Although Susanna Wright does not use this term, nor does she cite James, her recent article in The Journal of Analytical Psychology shows us the importance of "meaning at the margins" for clinical work.
Wright was awarded the annual Fordham prize for the outstanding article of the year. Wright beautifully articulates a fundamental aspect of the analytic attitude as I understand it.
You can find out more about her article and view a video by visiting this site: https://thejap.org/the-michael-fordham-prize/fordham-prizewinner-for-2020
Here is the abstract of Susanna's article from that site:
The abstract of Susanna Wright's paper:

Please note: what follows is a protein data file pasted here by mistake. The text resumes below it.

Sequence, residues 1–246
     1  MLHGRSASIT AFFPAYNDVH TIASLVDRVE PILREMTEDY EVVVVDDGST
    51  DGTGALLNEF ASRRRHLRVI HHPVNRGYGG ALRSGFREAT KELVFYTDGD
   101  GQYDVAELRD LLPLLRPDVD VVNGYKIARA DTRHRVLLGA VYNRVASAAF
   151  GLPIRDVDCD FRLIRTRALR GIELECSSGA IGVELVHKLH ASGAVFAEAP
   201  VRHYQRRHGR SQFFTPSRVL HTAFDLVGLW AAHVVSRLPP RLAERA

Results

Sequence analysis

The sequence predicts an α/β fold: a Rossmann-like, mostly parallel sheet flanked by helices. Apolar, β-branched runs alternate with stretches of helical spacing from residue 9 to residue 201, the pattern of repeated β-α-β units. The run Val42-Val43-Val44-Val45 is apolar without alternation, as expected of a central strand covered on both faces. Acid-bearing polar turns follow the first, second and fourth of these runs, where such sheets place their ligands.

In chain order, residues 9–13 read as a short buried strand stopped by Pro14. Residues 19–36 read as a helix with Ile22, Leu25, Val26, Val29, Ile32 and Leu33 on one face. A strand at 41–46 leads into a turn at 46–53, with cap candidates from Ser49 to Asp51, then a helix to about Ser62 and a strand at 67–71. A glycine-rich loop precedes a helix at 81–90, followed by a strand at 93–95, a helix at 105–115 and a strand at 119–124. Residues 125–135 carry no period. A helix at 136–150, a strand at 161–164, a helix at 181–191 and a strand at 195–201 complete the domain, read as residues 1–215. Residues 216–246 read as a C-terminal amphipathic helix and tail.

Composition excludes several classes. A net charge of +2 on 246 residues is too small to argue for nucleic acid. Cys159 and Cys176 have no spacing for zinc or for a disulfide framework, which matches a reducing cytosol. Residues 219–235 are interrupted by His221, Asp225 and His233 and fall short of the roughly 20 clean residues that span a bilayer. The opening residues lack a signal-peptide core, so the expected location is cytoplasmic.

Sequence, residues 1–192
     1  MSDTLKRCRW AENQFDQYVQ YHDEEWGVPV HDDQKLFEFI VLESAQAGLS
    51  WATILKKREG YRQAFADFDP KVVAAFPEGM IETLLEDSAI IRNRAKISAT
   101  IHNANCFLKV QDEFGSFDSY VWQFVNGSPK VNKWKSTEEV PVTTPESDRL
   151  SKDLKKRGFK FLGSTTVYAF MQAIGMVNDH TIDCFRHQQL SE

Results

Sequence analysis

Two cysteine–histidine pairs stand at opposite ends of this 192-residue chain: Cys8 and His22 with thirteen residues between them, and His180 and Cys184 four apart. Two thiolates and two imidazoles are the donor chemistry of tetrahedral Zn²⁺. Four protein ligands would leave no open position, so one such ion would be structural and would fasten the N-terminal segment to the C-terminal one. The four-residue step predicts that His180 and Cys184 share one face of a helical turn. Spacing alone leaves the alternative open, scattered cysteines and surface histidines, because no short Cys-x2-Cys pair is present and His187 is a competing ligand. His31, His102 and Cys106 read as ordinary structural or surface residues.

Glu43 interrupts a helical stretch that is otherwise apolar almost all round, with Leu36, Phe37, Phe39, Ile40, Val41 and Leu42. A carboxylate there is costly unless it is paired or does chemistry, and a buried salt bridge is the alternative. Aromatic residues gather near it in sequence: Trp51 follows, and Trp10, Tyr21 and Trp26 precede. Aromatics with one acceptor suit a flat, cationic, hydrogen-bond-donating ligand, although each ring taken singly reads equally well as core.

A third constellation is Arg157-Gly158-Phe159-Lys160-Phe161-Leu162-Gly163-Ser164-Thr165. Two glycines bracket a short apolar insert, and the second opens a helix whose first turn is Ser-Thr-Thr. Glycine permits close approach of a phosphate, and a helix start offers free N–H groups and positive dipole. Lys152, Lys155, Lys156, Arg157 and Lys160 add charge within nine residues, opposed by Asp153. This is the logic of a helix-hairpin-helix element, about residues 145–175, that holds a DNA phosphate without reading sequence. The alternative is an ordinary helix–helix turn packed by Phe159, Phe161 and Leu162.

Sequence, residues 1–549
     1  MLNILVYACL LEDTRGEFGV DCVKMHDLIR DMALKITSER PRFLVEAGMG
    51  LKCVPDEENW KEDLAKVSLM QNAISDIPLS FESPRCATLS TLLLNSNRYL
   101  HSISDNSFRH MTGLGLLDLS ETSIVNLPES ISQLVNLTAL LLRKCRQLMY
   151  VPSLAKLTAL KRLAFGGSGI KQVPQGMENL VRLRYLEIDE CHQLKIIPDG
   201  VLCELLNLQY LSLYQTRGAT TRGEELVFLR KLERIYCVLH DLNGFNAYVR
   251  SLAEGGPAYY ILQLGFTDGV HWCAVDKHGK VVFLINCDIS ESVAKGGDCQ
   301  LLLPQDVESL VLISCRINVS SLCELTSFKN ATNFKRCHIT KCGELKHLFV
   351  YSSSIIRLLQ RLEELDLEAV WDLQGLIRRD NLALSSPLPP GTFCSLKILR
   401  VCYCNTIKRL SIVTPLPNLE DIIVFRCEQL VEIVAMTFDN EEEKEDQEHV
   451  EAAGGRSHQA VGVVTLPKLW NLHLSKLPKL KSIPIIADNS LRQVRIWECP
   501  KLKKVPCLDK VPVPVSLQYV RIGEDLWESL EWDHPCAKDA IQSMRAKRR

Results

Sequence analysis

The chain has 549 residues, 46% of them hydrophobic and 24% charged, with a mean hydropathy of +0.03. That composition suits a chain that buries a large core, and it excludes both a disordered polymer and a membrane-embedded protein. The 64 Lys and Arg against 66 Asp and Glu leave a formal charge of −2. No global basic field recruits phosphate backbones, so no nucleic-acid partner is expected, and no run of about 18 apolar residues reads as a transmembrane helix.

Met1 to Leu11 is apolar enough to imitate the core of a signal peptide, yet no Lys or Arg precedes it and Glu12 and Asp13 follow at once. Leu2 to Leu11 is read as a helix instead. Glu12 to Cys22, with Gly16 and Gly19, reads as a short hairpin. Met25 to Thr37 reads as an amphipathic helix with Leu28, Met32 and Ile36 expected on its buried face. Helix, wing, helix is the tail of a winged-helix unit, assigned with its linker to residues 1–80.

The paper considers a ‘befallment’ that occurred in the course of analysis at a time when the focus of work was too much at a conscious level, dissociated from the patient’s embodied and visceral depths. A rigidly held attitude of focal attention is considered as potentially a defence against embodied experiences of overwhelm and vulnerability that may haunt shadowy realms which remain unlit by the narrow beam of conscious awareness. Rather as a dream drifts in from the unconscious, an enactment by the analyst brought neglected aspects of the transference and countertransference relationship into the room. Later, the patient’s own dreaming mind offered images that suggested an underlying dynamic. These subtle communications, alongside the patient’s attitude toward the analyst’s lapse, are considered as factors in the achievement of greater embodied integration. The analyst’s difficulty in arriving at a formulation of such events is discussed, along with the necessity of holding such ‘befallments’ in mind over long periods of time before any explanation can be adumbrated.